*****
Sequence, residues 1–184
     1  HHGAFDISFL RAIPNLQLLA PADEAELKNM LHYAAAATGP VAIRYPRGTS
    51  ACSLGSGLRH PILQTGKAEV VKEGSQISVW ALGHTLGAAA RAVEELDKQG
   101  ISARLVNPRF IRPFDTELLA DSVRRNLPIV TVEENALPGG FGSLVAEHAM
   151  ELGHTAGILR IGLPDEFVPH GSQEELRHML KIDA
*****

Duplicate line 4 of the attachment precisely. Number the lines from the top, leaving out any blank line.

   101  ISARLVNPRF IRPFDTELLA DSVRRNLPIV TVEENALPGG FGSLVAEHAM